Energy spending down big since 2008
Mike Zaccardi, CFA, CMT
US annual energy expenditures as a share of GDP is set to fall to its lowest level in decades, per the EIA. I joked with some fellow analysts on Twitter about this writing topic, and a response was “low prices. The end.”
Pretty much true. The chart peaked by in 2008 just shy of 10% when oil prices hit $147 per barrel and coal & natural gas costs for electricity generation were very high.
Since, it’s been a steady decline for the most part. Energy prices rebounded post-recession from 2009 to 2012, but efficiencies were also gained in our household appliances and lighting. Gone are the days of the Clark Griswold-style Christmas lights that would send the household power usage meter spiking!
Oil cratered in the summer of 2014, falling from $120 per barrel to near $50. And it hasn’t recovered. Today, US oil trades near $30-35 as retail gasoline prices are sub-$2. Natural gas, which commands a huge share of the power generation mix today, has seen its cost decline to 25-year lows. So with all that is going on in the world, energy expenditures are not really a concern.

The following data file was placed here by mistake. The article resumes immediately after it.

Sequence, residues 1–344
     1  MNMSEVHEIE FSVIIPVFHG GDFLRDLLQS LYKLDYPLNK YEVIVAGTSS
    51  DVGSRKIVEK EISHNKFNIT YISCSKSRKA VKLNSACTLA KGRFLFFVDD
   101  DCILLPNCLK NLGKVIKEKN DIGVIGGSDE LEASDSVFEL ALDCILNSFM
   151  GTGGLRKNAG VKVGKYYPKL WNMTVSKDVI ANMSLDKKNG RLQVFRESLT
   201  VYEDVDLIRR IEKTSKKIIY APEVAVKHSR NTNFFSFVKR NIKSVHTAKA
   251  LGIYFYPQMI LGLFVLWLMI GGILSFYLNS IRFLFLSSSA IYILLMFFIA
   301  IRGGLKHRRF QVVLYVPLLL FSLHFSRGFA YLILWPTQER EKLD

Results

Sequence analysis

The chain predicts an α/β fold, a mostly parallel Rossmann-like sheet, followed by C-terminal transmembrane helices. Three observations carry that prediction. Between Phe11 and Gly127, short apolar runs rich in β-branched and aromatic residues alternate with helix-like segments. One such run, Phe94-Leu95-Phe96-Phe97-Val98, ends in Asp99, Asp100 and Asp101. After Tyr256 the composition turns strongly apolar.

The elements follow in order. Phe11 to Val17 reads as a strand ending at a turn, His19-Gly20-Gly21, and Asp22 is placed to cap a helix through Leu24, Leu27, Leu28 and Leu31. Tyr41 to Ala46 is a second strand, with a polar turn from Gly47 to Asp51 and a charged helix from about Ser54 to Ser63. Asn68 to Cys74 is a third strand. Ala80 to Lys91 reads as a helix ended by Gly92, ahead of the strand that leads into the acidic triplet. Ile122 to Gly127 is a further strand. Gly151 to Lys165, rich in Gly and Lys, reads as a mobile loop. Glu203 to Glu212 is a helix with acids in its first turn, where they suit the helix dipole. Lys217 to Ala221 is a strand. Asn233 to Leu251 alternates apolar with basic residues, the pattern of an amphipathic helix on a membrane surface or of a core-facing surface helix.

If anything, the US may want to see oil prices stabilize and not go lower! If oil trades into the single digits or negative territory again, many oil companies would go bust. Energy still employs millions of Americans. President Trump has recently tweeted with pleasure about oil prices climbing back up.
It’s not all the numerator though. Always pay attention to the denominator (one of my mottos). Health care, housing, education, child care – all of these costs have risen in the last 10-20 years as energy costs have declined. It seems like ages ago when we were complaining about $4+ gasoline prices. Now covering costs related to hospital bills & day care are top of mind. And of course GDP has increased from the mid-2000s despite taking a big hit this quarter.
Is an energy rebound set to take place or will the trend continue? Traders are hotly debating the age-old ‘regime-change versus mean-reversion’ narrative.
Chart source: EIA
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